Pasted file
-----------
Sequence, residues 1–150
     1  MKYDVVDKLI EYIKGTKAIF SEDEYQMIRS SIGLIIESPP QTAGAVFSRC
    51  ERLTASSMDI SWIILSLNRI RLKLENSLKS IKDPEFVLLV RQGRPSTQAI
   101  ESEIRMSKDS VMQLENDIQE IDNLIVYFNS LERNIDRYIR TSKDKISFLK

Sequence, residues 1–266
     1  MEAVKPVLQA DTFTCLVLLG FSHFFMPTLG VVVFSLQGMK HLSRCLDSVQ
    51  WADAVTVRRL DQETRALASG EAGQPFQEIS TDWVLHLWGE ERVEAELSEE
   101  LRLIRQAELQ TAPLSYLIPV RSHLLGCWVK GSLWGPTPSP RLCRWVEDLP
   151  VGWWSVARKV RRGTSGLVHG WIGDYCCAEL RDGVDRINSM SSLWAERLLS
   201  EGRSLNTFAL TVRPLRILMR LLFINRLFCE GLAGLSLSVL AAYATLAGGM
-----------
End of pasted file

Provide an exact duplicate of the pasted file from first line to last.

Sequence, residues 1–150
     1  MKYDVVDKLI EYIKGTKAIF SEDEYQMIRS SIGLIIESPP QTAGAVFSRC
    51  ERLTASSMDI SWIILSLNRI RLKLENSLKS IKDPEFVLLV RQGRPSTQAI
   101  ESEIRMSKDS VMQLENDIQE IDNLIVYFNS LERNIDRYIR TSKDKISFLK

Sequence, residues 1–266
     1  MEAVKPVLQA DTFTCLVLLG FSHFFMPTLG VVVFSLQGMK HLSRCLDSVQ
    51  WADAVTVRRL DQETRALASG EAGQPFQEIS TDWVLHLWGE ERVEAELSEE
   101  LRLIRQAELQ TAPLSYLIPV RSHLLGCWVK GSLWGPTPSP RLCRWVEDLP
   151  VGWWSVARKV RRGTSGLVHG WIGDYCCAEL RDGVDRINSM SSLWAERLLS
   201  EGRSLNTFAL TVRPLRILMR LLFINRLFCE GLAGLSLSVL AAYATLAGGM